Machine Learning Times
Machine Learning Times

3 years ago
The Expansive Deployment of Predictive Analytics: 22 Examples


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The future is the ultimate unknown. It’s everything that hasn’t happened yet.

Prediction as a capability is booming. It reinvents industries and runs the world. More and more, predictive analytics drives commerce, manufacturing, healthcare, government, and law enforcement. In these spheres, organizations operate more effectively by way of predicting behavior—i.e., the outcome for each individual customer, employee, patient, voter, and suspect.

Predictive analytics’ expansive deployment has taken hold. Accenture and Forrester both report that predictive analytics’ adoption has more than doubled in recent years. Transparency Market Research projects the predictive analytics market will reach $6.5 billion within a few years. Predictive analytics is becoming a standard safeguard for business, and even demand from consumers for its capabilities promises to surge.

New groundbreaking stories of predictive analytics in action are pouring in. A few key ingredients have opened these floodgates:

  • Wildly increasing loads of data
  • Cultural shifts as organizations learn to appreciate, embrace, and integrate predictive technology
  • Improved software solutions to deliver predictive analytics to organizations

I’ve listed below a slew of examples—from the likes of Facebook, the NSA, Hillary for America, Uber, Airbnb, Google, Shell, UPS,, ConEd, Yahoo!, and the U.S. government. These examples are new in this year’s Revised and Updated edition of my book, Predictive Analytics: The Power to Predict Who Will Click, Buy, Lie, or Die. With these newly added cases, the book’s central compendium of mini-case studies has grown to 182 entries (most were sourced from presentations at Predictive Analytics World, the event series I founded—for more information about each example, access the book’s Notes PDF, available at, and search by organization name).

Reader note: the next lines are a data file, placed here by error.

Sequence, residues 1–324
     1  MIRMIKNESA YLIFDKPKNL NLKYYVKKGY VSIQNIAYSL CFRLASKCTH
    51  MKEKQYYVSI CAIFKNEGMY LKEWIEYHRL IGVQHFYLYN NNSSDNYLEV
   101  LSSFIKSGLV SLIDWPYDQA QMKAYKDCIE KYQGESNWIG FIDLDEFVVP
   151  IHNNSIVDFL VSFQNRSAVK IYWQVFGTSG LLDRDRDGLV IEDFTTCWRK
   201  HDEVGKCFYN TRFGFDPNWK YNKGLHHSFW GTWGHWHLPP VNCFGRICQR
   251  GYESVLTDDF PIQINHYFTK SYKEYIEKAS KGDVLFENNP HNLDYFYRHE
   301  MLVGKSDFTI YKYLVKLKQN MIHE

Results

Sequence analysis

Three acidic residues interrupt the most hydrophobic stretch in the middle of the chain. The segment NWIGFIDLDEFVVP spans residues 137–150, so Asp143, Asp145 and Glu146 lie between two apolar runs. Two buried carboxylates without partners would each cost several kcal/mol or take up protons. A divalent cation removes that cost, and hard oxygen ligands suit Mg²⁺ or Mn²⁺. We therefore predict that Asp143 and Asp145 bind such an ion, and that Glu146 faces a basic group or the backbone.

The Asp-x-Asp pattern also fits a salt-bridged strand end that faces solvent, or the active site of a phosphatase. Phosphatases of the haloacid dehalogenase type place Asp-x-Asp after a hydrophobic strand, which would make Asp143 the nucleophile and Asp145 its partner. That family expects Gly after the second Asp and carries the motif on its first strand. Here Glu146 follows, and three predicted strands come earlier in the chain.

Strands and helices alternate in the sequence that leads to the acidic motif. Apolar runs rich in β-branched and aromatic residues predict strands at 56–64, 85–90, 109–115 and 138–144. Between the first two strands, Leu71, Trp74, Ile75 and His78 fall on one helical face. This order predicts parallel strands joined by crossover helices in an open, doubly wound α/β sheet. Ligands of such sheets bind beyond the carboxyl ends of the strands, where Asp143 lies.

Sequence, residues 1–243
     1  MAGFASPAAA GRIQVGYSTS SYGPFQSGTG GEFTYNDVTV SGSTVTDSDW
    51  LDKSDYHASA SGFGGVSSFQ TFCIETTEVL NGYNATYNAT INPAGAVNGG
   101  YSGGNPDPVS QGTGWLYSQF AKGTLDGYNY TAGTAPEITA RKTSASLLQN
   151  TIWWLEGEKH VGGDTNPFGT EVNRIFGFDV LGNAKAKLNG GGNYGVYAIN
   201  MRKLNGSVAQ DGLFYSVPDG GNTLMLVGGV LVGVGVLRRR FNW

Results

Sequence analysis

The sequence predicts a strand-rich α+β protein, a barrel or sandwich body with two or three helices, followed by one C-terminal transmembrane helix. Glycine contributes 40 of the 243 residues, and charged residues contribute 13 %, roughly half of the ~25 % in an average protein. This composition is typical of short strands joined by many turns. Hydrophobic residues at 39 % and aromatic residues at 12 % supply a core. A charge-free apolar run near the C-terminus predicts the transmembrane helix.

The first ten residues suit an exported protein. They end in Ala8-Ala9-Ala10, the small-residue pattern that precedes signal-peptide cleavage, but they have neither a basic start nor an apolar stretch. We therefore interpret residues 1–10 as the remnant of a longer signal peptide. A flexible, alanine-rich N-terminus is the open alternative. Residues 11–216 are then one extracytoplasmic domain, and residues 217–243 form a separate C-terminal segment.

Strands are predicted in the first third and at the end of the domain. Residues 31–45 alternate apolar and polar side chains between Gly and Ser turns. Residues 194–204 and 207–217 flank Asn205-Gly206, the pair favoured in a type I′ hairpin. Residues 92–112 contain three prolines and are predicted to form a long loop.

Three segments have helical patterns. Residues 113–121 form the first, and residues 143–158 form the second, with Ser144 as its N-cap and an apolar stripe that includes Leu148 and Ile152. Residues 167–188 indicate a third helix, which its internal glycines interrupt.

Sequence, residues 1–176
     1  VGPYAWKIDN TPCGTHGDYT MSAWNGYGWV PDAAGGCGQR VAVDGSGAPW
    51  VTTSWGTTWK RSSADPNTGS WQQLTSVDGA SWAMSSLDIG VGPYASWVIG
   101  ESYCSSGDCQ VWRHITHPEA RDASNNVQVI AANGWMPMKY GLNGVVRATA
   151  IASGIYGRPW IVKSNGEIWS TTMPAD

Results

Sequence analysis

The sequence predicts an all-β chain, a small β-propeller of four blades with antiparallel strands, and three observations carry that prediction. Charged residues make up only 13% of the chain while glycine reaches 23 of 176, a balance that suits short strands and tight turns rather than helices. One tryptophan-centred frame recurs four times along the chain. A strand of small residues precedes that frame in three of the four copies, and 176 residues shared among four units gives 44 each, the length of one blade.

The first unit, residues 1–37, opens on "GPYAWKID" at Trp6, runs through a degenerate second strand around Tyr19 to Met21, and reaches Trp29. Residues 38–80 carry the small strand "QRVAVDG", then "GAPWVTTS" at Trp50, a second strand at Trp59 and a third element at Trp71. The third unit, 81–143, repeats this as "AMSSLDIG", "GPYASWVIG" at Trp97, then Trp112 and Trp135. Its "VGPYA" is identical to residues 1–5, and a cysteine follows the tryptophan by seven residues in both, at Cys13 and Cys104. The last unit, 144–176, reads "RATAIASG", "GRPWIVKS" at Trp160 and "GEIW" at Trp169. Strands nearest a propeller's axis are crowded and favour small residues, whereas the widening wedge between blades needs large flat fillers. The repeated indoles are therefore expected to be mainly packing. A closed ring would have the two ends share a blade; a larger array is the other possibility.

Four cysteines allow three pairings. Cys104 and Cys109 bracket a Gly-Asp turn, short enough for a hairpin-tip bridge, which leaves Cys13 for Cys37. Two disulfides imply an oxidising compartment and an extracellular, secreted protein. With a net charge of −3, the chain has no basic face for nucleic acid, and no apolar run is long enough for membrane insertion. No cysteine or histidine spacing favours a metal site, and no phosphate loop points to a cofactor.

Below are 7 of the 22 examples in this article as it was originally published by Big Think (you are reading an excerpted version—click through for access to the complete article).


What’s predicted: Example:
Which Facebook posts you will like in order to optimize your news feed Facebook: Predicts which of 1,500 candidate posts (on average) will be most interesting to you in order to personalize your news feed. To optimize the order of content items, the News Feed ranking algorithm weights around 100,000 factors such as recency, likes, clicks, shares, comments, time spent on posts, poster popularity, your affinity for the poster and content area, and measures of relevance and trustworthiness. This intensifies the “addictive” engagement, with two-thirds of Facebook’s 1.44 billion monthly users logging in daily.
Terrorism The National Security Agency: Obtained software solutions for and core competency in predictive analytics. It’s clear that the NSA considers predictive analytics a strategic priority as a means to target investigation activities by automatically discovering previously unknown potential suspects.
Where you are going Uber: Can predict the specific destination address of San Francisco riders based on exact drop-off location with 74 percent accuracy, despite, for example, how many businesses there are within 100 meters in a typical city area (just taking the closest candidate address achieves 44 percent accuracy).
Acceptance of booking request in order to match guests to hosts Airbnb: Rank orders accommodations that fulfill a user search in part by the predicted probability each host would accept the user’s booking request. By surfacing likely matches more prominently, the company increased booking conversions by nearly 4 percent—a significant gain considering its estimated annual booking of over 12 million guest nights.
Oil refinery safety incidents Shell: Predicts the number of safety incidents per team of workers at oil refineries, globally. One example discovery: Increased employee engagement predicts fewer incidents; one percentage point increase in team employee engagement is associated with a 4 percent decrease in the number of safety incidents per FTE.
Maritime incidents RightShip: Predicts dangerous or costly maritime incidents in order to assess vessel risk that informs shipment decisions when selecting between vessels. The 10 percent highest-risk vessels are three times more likely than average to experience an incident in the next 12 months, and are 16 times more likely to incur a casualty than the 10 percent least risky. Risk assessment is based on vessel age, type, carrying capacity, origin, registration, ownership, management, and other factors.
Voter persuasion Hillary for America 2016 Campaign: Given Obama’s success with persuasion modeling in 2012, Hillary Clinton’s 2016 campaign appears to be planning to employ it as well. Analytics job postings reveal they’re going to be “helping the campaign determine which voters to target for persuasion.”

Click here to access the full article at Big Think (15 more examples, plus conclusions).

Eric SiegelAdapted with permission of the publisher from Predictive Analytics: The Power to Predict Who Will Click, Buy, Lie, or Die, Revised and Updated Edition (Wiley, January 2016) by Eric Siegel, Ph.D. Siegel is the founder of the Predictive Analytics World conference series which includes events for business, government, healthcare, workforce, manufacturing, and financial services —executive editor of The Predictive Analytics Times, and a former computer science professor at Columbia University. For more information about predictive analytics, see the Predictive Analytics Guide.

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